April 13, 2020

Florida Hospital Association Supports Ethics Guidelines for Crisis Standards of Care in Public Health Emergencies from Florida Bioethics Network

Guidelines give health care professionals a transparent framework for decision making in extreme circumstances

April 13, 2020 (Tallahassee) - After careful and extensive deliberation, the Florida Hospital Association Board of Trustees on April 9 voted to support the Florida Bioethics Network's (FBN) "Ethics Guidelines for Crisis Standards of Care." These guidelines serve as a framework for decision making in the event of an unprecedented critical shortage of life-saving medical devices and treatment alternatives due to the COVID-19 pandemic.  

The FBN guidance provides suggestions for the ethical treatment of patients based on a variety of factors that allow successful treatment for the greatest number of patients possible if the number of critically ill patients far exceeds available hospital resources in the state. FBN's guidelines also incorporate guidance and instruction issued March 28 by the Office of Civil Rights within the U.S. Department of Health and Human Services.

 "We hope and pray that the worst-case scenario of a surge of COVID-19 hospitalizations does not come to pass," said Crystal Stickle, interim president and CEO, Florida Hospital Association. "Given the exponential and rapid growth of COVID-19 infections and hospitalizations, however, we would be remiss if we did not plan for a scenario where resource availability isn't adequate. Asking our brave and compassionate health care workforce to make decisions about patient care without guidance and help would be a failure of our duty to support them in their essential work." 

"Nobody wants this guidance to be needed," said Kenneth W. Goodman, Ph.D., director, Florida Bioethics Network. "But in a crisis situation of this magnitude where resource scarcity is a very real possibility, it would be irresponsible not to support our clinicians with carefully developed, thoughtful, and vetted ethical guidance."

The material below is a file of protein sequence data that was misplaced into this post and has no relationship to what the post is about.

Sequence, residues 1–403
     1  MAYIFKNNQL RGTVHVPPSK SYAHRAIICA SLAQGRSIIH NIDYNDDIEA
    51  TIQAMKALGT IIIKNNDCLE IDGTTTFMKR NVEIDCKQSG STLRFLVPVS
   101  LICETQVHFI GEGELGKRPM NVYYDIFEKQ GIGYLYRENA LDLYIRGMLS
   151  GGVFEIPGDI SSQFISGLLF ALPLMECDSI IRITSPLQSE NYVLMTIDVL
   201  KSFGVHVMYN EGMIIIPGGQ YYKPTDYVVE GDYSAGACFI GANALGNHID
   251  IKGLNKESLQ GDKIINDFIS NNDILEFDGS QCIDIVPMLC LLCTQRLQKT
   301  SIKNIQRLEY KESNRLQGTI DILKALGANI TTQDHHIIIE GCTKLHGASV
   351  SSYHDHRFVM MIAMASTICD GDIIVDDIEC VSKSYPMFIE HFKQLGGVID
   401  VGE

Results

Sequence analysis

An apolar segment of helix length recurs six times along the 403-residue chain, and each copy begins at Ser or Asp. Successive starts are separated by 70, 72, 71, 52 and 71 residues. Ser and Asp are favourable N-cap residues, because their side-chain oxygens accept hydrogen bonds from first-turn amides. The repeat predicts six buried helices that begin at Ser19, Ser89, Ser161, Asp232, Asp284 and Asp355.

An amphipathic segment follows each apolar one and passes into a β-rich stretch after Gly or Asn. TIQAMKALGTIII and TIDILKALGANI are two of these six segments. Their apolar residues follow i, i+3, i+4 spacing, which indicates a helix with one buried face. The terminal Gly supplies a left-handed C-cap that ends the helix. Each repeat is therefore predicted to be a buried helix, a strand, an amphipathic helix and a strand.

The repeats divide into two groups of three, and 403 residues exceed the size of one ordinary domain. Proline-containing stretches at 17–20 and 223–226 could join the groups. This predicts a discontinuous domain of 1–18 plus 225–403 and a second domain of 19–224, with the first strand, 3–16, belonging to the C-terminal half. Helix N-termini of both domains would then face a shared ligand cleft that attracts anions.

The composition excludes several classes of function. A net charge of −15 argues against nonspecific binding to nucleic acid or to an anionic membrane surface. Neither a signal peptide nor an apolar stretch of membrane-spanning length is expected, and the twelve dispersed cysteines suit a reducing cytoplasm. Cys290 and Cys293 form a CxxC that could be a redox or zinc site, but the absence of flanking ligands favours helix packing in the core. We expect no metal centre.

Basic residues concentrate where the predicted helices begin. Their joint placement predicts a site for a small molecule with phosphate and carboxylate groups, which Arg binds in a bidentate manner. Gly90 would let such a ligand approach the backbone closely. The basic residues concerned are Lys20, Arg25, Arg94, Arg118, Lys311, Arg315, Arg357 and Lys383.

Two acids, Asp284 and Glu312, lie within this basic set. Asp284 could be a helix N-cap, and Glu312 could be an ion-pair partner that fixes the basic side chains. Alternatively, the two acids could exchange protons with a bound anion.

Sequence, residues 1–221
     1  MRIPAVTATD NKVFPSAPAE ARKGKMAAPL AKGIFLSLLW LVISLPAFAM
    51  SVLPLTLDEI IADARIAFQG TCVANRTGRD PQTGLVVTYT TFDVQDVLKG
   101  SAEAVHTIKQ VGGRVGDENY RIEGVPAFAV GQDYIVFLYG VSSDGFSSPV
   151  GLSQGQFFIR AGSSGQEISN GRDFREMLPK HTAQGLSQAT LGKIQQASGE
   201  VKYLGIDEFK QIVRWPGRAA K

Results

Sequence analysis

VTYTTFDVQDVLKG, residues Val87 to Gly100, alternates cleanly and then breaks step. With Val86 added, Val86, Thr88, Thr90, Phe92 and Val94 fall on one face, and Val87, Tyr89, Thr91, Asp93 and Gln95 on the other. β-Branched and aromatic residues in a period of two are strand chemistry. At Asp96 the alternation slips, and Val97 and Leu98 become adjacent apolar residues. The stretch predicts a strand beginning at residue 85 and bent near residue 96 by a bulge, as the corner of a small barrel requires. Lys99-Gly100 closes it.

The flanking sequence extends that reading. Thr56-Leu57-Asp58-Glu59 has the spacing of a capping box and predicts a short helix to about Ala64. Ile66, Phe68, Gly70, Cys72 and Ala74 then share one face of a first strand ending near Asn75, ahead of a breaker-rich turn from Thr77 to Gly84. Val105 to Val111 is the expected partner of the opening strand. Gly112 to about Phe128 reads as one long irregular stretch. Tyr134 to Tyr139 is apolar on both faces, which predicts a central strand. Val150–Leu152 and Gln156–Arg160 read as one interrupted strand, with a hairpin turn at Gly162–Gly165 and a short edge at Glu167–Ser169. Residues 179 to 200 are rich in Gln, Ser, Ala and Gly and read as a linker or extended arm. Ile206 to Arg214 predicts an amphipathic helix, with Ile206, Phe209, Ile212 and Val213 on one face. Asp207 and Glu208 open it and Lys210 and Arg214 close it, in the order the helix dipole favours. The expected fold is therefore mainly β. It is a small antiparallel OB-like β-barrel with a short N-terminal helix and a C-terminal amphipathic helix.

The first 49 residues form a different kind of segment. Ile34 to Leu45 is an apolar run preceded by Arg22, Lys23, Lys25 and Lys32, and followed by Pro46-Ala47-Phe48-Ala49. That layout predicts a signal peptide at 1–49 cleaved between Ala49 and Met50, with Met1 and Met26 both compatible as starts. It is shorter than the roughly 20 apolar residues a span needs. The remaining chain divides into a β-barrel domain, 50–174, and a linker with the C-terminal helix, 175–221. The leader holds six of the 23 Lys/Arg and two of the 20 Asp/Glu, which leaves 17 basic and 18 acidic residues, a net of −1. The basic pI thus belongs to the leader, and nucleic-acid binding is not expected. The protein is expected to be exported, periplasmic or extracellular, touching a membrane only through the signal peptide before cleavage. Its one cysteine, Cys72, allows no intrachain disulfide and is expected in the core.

Recognizing the struggles health care workers on the frontlines of this pandemic are experiencing from caring for seriously ill COVID-19 patients, which may number in the hundreds or thousands, nearly 20 other states already have adopted or are in the process of adopting crisis standards of care. In an environment in which the continued availability of all essential resources is uncertain, it is only appropriate to have an ethical framework for difficult conversations and decisions about resource triage. 

"The FBN guidelines provide a transparent framework for decision-making grounded in the ethical principles of fairness, equity and accountability," said Stickle. "The magnitude and extremity of circumstances that would have to occur before the FBN guidance is implemented have not been experienced by health care providers in this country for nearly a century. These are measures of last resort that every hospital in the state has been working around the clock to avoid by procuring all available supplies, equipment and resources."

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About the Florida Hospital Association
The Florida Hospital Association comprises over 200 hospitals and health systems from across the state. Through representation and advocacy, education and informational services, we support the mission of our members to provide the highest quality of care to the patients we serve. For more information, visit www.fha.org.